Last modified on 8 July 2014, at 21:03
See also: Bury and -bury

EnglishEdit

PronunciationEdit

Etymology 1Edit

Middle English burien, berien, from Old English byrġan, from Proto-Germanic *burgijaną (compare Old Norse byrgja ‘to close’), from *berganą (to protect, shelter) (compare Old English beorgan, West Frisian bergje ‘to keep’, German bergen ‘to save/rescue something’), from Proto-Indo-European *bʰerĝʰ, *bʰr̥ĝʰ (compare Albanian mburojë (shield), Lithuanian (Eastern) bir̃ginti ‘to save, spare’, Russian беречь (bereč') ‘to spare’, Ossetian æмбæрзын (æmbærzyn, to cover).

VerbEdit

bury (third-person singular simple present buries, present participle burying, simple past and past participle buried)

  1. (transitive) To ritualistically inter in a grave or tomb.
  2. (transitive) To place in the ground.
    bury a bone;  bury the embers
  3. (transitive, often figuratively) To hide or conceal as if by covering with earth or another substance.
    • 2013 June 29, “High and wet”, The Economist, volume 407, number 8842, page 28:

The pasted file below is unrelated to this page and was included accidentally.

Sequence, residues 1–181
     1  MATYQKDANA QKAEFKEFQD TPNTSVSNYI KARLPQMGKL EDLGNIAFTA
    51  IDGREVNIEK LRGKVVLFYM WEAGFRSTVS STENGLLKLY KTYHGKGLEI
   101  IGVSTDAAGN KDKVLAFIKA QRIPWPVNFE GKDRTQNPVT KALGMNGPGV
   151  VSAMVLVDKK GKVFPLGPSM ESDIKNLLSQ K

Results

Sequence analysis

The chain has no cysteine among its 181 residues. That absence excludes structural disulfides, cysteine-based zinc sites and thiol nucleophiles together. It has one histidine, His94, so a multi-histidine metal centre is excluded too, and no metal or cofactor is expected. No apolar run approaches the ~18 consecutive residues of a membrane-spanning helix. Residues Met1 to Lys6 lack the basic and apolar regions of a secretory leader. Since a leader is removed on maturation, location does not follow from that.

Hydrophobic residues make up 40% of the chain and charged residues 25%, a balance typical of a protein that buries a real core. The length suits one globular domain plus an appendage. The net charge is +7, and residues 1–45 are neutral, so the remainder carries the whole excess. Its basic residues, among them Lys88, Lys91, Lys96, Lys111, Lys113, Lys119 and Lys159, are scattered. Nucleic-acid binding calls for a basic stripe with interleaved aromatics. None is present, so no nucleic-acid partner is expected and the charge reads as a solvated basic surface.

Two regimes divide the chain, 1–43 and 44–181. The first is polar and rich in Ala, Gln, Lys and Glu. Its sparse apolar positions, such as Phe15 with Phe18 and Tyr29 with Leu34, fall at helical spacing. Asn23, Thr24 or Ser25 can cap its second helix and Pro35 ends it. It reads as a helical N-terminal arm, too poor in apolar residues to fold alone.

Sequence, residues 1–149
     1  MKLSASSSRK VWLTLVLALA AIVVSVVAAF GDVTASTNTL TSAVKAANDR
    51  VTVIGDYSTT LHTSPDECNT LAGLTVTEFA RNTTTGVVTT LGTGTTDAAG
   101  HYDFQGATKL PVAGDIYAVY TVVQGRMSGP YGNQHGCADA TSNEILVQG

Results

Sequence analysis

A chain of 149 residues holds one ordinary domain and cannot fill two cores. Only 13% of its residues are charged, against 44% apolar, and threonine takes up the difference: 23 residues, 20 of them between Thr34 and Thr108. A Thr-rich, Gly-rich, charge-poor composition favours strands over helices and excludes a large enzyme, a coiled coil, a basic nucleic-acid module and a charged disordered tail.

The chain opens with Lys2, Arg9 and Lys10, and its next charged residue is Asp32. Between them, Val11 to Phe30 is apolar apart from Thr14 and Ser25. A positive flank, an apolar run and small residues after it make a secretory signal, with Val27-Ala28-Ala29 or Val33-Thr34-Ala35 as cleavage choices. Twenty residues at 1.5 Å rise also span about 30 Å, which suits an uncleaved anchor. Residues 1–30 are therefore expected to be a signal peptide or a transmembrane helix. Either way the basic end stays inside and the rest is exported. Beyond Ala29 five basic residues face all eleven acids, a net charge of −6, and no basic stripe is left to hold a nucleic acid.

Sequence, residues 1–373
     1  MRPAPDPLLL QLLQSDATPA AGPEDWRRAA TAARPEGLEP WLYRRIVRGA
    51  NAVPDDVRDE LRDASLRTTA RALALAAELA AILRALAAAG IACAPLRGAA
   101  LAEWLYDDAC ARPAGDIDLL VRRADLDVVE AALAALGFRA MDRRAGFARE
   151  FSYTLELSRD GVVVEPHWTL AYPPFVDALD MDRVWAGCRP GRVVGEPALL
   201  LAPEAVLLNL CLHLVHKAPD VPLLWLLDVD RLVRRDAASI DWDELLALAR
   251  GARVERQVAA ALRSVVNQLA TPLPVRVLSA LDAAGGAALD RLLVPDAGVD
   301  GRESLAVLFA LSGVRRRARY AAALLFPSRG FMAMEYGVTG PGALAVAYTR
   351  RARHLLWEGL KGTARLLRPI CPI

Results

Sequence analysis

Floods in northern India, mostly in the small state of Uttarakhand, have wrought disaster on an enormous scale. [] Rock-filled torrents smashed vehicles and homes, burying victims under rubble and sludge.
    she buried her face in the pillow;  they buried us in paperwork
  4. (transitive, figuratively) To suppress and hide away in one's mind.
    secrets kept hidden; she hid her shame and put on a smiling face.
  5. (transitive, figuratively) To put an end to; to abandon.
    They buried their argument and shook hands.
    • Shakespeare
      Give me a bowl of wine. / In this I bury all unkindness, Cassius.
  6. (transitive, figuratively) To score a goal.
    • 2011 January 25, Paul Fletcher, “Arsenal 3-0 Ipswich (agg. 3-1)”, BBC:
      You could feel the relief after Bendtner collected Wilshere's raking pass before cutting inside Carlos Edwards and burying his shot beyond Fulop.
  7. (transitive, slang) To kill or murder.
Derived termsEdit
Related termsEdit
TranslationsEdit
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Etymology 2Edit

See borough.

NounEdit

bury (plural buries)

  1. A borough; a manor
    • 1843, Thomas Carlyle, Past and Present, book 2, ch. 5, "Twelfth Century"
      Indisputable, though very dim to modern vision, rests on its hill-slope that same Bury, Stow, or Town of St. Edmund; already a considerable place, not without traffic

AnagramsEdit


ScotsEdit

EtymologyEdit

From English bury. Replacing native form bery.

PronunciationEdit

VerbEdit

tae bury (third-person singular simple present buries, present participle buryin, simple past buriet, past participle buriet)

  1. (transitive) to bury